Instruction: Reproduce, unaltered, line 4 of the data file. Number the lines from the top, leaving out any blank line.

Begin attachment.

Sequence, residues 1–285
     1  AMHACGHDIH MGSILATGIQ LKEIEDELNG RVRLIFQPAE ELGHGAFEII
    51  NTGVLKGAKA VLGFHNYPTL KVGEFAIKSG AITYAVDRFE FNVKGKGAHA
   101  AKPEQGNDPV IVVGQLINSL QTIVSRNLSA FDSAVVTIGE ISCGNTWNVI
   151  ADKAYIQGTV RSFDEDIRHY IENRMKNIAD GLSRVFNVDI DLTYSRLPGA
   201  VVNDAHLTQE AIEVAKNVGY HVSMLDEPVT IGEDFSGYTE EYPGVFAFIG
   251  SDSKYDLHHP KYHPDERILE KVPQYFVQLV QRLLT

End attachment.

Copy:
   101  AKPEQGNDPV IVVGQLINSL QTIVSRNLSA FDSAVVTIGE ISCGNTWNVI